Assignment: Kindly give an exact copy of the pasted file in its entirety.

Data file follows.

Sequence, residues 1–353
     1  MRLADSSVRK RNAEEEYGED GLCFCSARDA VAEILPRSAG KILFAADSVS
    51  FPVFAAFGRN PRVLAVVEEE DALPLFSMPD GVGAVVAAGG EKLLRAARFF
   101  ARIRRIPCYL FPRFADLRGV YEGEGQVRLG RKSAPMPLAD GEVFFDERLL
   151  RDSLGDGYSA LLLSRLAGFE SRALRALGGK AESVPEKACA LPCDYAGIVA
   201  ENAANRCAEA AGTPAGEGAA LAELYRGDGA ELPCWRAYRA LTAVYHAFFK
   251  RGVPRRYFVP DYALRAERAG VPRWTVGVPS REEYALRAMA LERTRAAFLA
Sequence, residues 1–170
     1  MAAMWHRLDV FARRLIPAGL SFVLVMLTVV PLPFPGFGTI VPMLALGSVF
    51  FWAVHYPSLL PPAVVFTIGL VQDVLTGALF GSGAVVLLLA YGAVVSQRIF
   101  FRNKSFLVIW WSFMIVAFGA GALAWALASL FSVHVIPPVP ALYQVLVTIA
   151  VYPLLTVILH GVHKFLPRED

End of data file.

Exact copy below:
Sequence, residues 1–353
     1  MRLADSSVRK RNAEEEYGED GLCFCSARDA VAEILPRSAG KILFAADSVS
    51  FPVFAAFGRN PRVLAVVEEE DALPLFSMPD GVGAVVAAGG EKLLRAARFF
   101  ARIRRIPCYL FPRFADLRGV YEGEGQVRLG RKSAPMPLAD GEVFFDERLL
   151  RDSLGDGYSA LLLSRLAGFE SRALRALGGK AESVPEKACA LPCDYAGIVA
   201  ENAANRCAEA AGTPAGEGAA LAELYRGDGA ELPCWRAYRA LTAVYHAFFK
   251  RGVPRRYFVP DYALRAERAG VPRWTVGVPS REEYALRAMA LERTRAAFLA
Sequence, residues 1–170
     1  MAAMWHRLDV FARRLIPAGL SFVLVMLTVV PLPFPGFGTI VPMLALGSVF
    51  FWAVHYPSLL PPAVVFTIGL VQDVLTGALF GSGAVVLLLA YGAVVSQRIF
   101  FRNKSFLVIW WSFMIVAFGA GALAWALASL FSVHVIPPVP ALYQVLVTIA
   151  VYPLLTVILH GVHKFLPRED